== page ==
Commissioner Norris announces resignation from FERC

Commissioner John Norris announced his resignation Aug. 7 from the Federal Energy Regulatory Commission to take a post with the U.S. Agriculture Department in Italy.

Norris, a Democrat whose term expires in 2017, said his resignation is effective Aug. 20.

“It has been a great honor to serve with all the exceptional professionals and public servants who make up the FERC family and so many dedicated energy stakeholders in the public and private sectors,” Norris said. “I want to say a special thank you to the incredible personal staff I have had throughout my tenure on the commission.”

Norris said he has a “tremendous opportunity to continue in public service” as the minister-counselor for the Department of Agriculture in Rome. Prior to his service at FERC, Norris was chief of staff to Agriculture Secretary Tom Vilsack.

Norris’ resignation comes on the heels of President Obama’s formal appointment of Commissioner Cheryl LaFleur to be FERC chairman and Obama’s designation of his first choice, newly confirmed Commissioner Norman C. Bay, to become chairman effective April 15, 2015. LaFleur and the newly appointed Bay are the other two Democrats on the five-member commission.

A published report in July quoted Norris at a power industry conference saying he would not seek another term on the commission and that he could not win Senate confirmation because he is too pro-consumer. Identified in his home state of Iowa as an early supporter of Obama’s presidential campaign, Norris was quoted by the Des Moines Register then as saying he was interested in a seat on FERC, possibly as chairman. Instead Bay is to succeed LaFleur as chairman in an agreement engineered by Senate Majority Leader Harry Reid, D-Nev.

Arkansas regulator seen as possible FERC candidate

Reports have indicated a likely candidate to replace Norris on the commission is Chairman Colette Honorable of the Arkansas Public Service Commission, who is president of the National Association of Regulatory Utility Commissioners. Honorable’s name was raised last year after an earlier Obama choice for FERC chairman, Ronald Binz, withdrew his nomination in the face of Senate opposition.

The Senate confirmed Norris to a second term in 2012, at the same time confirming Commissioner Anthony Clark, a Republican, to his first term at FERC. Clark’s term expires in 2016. The other Republican on the panel is Philip Moeller, whose term expires in 2015.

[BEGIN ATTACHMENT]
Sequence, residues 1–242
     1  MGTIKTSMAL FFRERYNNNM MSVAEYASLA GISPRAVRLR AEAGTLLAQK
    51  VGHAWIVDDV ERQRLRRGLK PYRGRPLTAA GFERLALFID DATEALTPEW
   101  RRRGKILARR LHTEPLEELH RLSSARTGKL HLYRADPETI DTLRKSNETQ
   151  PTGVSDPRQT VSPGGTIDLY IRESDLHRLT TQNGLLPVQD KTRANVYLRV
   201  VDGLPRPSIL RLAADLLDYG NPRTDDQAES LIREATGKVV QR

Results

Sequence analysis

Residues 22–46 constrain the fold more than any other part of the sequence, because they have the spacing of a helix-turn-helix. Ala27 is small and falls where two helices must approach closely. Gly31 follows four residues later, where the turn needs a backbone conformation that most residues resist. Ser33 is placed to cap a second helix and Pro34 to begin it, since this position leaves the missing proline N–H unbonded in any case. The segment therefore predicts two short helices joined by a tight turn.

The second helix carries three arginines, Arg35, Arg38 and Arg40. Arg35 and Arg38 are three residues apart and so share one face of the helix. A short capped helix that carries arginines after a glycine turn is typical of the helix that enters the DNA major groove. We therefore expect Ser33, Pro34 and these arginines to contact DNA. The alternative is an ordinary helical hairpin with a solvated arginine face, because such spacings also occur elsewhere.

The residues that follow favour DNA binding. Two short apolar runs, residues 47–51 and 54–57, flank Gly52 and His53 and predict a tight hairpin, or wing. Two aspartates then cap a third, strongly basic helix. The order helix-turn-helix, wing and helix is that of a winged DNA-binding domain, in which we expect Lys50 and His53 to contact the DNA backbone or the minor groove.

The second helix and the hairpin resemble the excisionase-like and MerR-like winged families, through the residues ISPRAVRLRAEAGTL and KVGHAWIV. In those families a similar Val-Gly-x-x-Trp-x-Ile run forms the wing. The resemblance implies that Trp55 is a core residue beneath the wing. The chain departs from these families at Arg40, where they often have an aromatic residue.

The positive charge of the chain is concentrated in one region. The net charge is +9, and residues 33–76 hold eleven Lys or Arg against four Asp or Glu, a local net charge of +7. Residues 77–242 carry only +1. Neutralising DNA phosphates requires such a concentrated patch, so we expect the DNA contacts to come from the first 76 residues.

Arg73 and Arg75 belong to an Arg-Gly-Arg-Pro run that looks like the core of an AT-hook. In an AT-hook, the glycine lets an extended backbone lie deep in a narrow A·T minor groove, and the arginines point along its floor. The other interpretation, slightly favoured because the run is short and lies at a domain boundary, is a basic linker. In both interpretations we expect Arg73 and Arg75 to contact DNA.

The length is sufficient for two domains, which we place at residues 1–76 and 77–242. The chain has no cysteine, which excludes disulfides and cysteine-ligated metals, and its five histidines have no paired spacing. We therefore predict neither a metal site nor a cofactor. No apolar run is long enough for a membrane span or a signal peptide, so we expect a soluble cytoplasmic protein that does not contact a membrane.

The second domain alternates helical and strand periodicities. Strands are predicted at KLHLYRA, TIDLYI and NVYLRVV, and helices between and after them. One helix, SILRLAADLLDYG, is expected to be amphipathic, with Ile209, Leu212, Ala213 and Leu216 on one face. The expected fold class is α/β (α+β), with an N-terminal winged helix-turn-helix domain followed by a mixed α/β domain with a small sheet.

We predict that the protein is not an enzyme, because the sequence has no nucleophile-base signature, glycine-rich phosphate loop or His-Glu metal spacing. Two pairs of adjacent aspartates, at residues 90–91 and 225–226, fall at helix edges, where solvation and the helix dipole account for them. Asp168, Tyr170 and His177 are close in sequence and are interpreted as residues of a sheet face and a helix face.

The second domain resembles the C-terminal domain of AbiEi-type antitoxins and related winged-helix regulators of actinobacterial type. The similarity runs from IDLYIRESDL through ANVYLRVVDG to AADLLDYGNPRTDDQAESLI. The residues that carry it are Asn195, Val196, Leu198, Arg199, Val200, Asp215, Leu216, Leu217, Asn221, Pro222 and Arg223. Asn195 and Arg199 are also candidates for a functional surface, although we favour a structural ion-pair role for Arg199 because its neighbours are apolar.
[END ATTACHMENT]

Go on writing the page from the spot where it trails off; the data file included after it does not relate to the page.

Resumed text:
Norris spoke about hydropower last December when four commissioners told the House Energy and Natural Resources Committee that hydropower licensing might be accelerated if Congress could compel state and federal resource agencies to meet deadlines in the licensing process. Norris echoed concern regarding hydroelectric projects and other energy infrastructure.

“I believe it is important to understand that building new infrastructure is much more difficult today than in years past,” Norris said. “You can count on significant resistance from multiple parties to the construction of any new infrastructure. … I believe our role is to reach a just and reasonable decision, respectful of due process in a fair and reasonable manner as expeditiously as practical and required under law.”

Addressing the National Hydropower Association Conference in 2011, Norris said increased generation from hydropower and other clean energy sources will diversify domestic energy production and lower dependence on foreign energy. “There is great opportunity for hydro moving forward,” Norris said, noting that “We are in a period of transition in our energy economy.”

Norris concurred last year in FERC’s rejection of an attempt by a federal fisheries agency to force the Alaska Energy Authority to perform speculative climate change studies as part of licensing the 600-MW Susitna-Watana hydroelectric project on Alaska’s upper Susitna River.

Norris, a lawyer and state utility regulator from Iowa, was first named to the commission by Obama in 2009. Prior to his service at FERC, Norris was chief of staff to Agriculture Secretary Tom Vilsack and former chief of staff to then Iowa Gov. Vilsack, a former chairman of the Iowa Democratic Party, and chairman of the Iowa Utilities Board from 2005-2009.

Norris is a 1995 graduate of the University of Iowa College of Law, after receiving an undergraduate degree from Simpson College in Iowa. He served as chief of staff to Rep. Leonard Boswell, D-Iowa, from 1997-1998, and from 1989-2003 owned a restaurant in Iowa.

Clark is former president of the National Association of Regulatory Utility Commissioners, a former North Dakota Labor Commissioner, and a former state legislator. He holds bachelor’s degrees in political science and history education from North Dakota State University and a master’s in public administration from the University of North Dakota.

Previous articleReports: ISIS seizes control of Iraq’s 750-MW Mosul Dam
Next articleU.S.: Non-hydro renewables generation on track to exceed hydro generation

No posts to display